Give cocktails the vessels they deserve with these specialty glasses
By Jacey Gibb, Distribution Manager
Like any hobby, purchasing specialty glasses can be an absolute money pit. There’s an astonishing spectrum of costs for cocktail glasses, where a pair of bourbon crystals can run over $40. Fortunately, chain stores like Walmart and IKEA have been getting into the cocktail game and you can purchase single piece of glassware for a measly $3. (Keep in mind that you’re absolutely sacrificing quality here; in most cases, $3 glasses feel like $3 glasses.)
My best advice for those starting out on their cocktail journey: Hit up your favourite thrift shops and see what kind of glasses they have. You can usually find a pair or set for a quarter of what it would cost brand-new, and you don’t have the weighted responsibility of drinking out of glasses that cost a ton.
I’d also recommend only purchasing a pair of each specialty glass. Realistically, in most situations you’ll only need two, and you can easily sub in other glasses if entertaining more than one person. If after a while you continuously find yourself short on a particular glass, then invest in more.
Round, shallow glasses perfect for champagne, but also a jack-of-all-trades when it comes to other cocktails. Some coupe glasses are deceptively small though, so make sure you’re buying one with decent volume or you’ll be restricted in what you can serve in them.
You may already own some of these tall, narrow glasses, which are ideal for mojitos, gin fizzes, and other cocktails with lots of millilitres.
Often used interchangeably with coupes, flutes are tall, slender, and generally reserved for champagne, mimosas, or French 75s. Flutes are essentially a mash-up of coupe and Collins glasses, with the best of both worlds. If you’re limited for space though, I’d recommend only stocking the more versatile coupes.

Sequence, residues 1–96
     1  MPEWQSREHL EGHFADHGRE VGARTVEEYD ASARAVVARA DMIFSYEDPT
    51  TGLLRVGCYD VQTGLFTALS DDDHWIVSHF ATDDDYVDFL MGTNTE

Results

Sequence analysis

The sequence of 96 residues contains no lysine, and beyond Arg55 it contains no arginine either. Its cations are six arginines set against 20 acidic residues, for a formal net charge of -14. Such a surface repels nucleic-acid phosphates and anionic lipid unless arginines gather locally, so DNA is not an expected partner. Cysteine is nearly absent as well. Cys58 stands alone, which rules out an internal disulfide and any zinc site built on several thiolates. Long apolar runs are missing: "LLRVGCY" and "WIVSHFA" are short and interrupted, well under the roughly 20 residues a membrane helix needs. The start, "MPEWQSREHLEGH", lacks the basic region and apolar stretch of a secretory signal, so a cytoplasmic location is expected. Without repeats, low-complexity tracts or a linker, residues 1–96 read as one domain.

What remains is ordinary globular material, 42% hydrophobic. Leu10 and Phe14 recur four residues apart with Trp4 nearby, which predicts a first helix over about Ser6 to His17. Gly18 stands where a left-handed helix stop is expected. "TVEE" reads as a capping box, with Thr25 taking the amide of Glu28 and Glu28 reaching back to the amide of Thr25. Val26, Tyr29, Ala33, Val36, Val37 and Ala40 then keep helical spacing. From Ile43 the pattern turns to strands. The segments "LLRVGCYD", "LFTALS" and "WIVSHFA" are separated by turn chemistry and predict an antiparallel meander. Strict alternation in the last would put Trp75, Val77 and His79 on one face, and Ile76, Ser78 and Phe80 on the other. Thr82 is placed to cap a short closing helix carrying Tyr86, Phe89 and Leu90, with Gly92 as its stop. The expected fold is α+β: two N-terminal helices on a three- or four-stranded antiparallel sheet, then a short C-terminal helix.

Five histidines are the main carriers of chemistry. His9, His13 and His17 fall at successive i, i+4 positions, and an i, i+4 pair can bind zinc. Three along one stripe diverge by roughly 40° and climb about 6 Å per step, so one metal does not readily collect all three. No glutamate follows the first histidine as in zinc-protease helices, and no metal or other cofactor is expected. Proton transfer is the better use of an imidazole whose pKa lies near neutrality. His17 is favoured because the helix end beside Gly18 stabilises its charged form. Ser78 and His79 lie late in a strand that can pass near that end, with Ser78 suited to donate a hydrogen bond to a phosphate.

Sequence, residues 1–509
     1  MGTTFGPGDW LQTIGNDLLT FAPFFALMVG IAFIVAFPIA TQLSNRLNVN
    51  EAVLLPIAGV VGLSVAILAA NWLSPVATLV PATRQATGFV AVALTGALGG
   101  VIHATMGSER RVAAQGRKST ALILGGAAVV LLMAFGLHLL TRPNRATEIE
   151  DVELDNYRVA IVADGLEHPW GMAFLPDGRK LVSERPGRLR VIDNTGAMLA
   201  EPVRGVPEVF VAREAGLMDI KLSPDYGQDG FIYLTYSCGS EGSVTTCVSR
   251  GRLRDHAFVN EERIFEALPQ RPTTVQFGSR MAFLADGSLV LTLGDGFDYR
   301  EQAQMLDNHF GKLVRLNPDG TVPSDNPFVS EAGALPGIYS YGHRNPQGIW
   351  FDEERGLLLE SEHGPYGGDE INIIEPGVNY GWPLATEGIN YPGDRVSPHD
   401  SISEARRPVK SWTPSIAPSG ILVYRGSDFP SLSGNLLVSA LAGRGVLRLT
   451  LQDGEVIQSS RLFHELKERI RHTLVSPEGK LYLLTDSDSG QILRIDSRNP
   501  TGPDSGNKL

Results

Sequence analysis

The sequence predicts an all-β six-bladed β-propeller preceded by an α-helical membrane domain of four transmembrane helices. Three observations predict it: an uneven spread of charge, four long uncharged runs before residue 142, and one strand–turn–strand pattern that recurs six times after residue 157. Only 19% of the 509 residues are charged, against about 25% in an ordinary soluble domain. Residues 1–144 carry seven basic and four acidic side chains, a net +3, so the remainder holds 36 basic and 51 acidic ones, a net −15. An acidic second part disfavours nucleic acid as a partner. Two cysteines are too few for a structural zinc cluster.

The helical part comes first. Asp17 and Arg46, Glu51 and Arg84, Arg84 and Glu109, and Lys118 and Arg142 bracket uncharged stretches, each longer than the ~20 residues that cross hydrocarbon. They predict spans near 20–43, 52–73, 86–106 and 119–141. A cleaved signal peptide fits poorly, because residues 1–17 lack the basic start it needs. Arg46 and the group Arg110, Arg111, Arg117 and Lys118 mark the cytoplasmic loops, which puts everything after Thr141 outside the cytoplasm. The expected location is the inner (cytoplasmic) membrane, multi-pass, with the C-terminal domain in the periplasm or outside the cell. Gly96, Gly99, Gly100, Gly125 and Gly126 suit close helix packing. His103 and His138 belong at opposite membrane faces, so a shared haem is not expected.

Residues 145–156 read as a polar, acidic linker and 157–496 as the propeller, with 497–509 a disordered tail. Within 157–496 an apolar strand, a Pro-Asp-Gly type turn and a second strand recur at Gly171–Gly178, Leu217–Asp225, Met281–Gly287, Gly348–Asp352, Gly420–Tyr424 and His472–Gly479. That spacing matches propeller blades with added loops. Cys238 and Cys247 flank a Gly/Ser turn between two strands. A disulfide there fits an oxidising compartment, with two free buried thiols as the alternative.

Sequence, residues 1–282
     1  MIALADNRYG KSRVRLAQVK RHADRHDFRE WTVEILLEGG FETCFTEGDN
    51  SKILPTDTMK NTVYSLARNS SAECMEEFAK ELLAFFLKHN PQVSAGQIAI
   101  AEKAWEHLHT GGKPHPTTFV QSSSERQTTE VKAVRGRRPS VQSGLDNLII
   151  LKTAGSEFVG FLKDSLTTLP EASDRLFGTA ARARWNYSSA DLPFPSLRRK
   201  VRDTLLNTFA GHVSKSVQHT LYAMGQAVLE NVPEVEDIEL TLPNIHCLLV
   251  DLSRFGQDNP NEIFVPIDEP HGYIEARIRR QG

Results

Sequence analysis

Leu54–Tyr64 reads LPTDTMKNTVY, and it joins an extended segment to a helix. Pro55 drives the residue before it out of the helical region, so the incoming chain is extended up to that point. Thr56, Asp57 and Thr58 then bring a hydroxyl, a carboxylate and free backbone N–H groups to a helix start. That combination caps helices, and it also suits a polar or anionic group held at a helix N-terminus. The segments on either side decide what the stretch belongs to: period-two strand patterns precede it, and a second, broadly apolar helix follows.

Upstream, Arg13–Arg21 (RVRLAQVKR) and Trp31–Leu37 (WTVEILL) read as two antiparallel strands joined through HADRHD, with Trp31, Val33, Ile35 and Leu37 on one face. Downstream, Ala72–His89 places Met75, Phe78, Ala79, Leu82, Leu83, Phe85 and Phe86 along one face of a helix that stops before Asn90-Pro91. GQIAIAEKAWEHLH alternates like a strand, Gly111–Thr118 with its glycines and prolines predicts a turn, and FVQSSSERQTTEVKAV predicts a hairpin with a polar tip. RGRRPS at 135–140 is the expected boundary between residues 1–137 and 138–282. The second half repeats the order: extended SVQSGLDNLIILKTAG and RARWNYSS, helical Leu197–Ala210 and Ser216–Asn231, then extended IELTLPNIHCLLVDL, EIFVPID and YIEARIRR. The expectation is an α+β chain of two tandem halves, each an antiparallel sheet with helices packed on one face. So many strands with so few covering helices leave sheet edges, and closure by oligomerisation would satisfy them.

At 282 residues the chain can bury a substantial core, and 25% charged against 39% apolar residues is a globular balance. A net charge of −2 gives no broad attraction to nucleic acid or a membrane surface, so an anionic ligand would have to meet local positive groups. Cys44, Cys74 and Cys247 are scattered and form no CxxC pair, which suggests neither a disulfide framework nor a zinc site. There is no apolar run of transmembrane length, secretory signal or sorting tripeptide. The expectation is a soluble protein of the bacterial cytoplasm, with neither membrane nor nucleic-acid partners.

Also known as rocks or lowball glasses, these are the essential vessel for most traditional cocktails. Old Fashioned glasses also have the greatest variance in terms of flair, with an endless amount of crystal designs and general shapes to choose from.
Wine glasses serve a time and place, whereas stemless goblets are a blank cheque. You could serve almost any cocktail in a stemless goblet and no one would think twice about it, and they’re also great for serving wine, beer, or any other kind of alcohol. Presentation-wise they’re pretty bland though—hence the other glasses on this list.
Similar to flutes, if you’re working with a budget or minimal space in your apartment, absolutely forgo adding martini or margarita glasses to the mix. They’re incredibly niche for what’s served in them, and they take up an exorbitant amount of space on any shelf. Martini glasses are slightly more versatile however, and they have a nice iconic look to them that few other cocktail glasses can offer.
Okay, this is as far from essential as your home bar can get, but if you’re a fan of Moscow Mules then copper mugs are a must-have. They have a killer aesthetic and add a nice colour to any home bar set-up. Copper mugs usually have a hefty price tag though, so shop around and make sure you buy one with a decent capacity (20 to 24 ounces).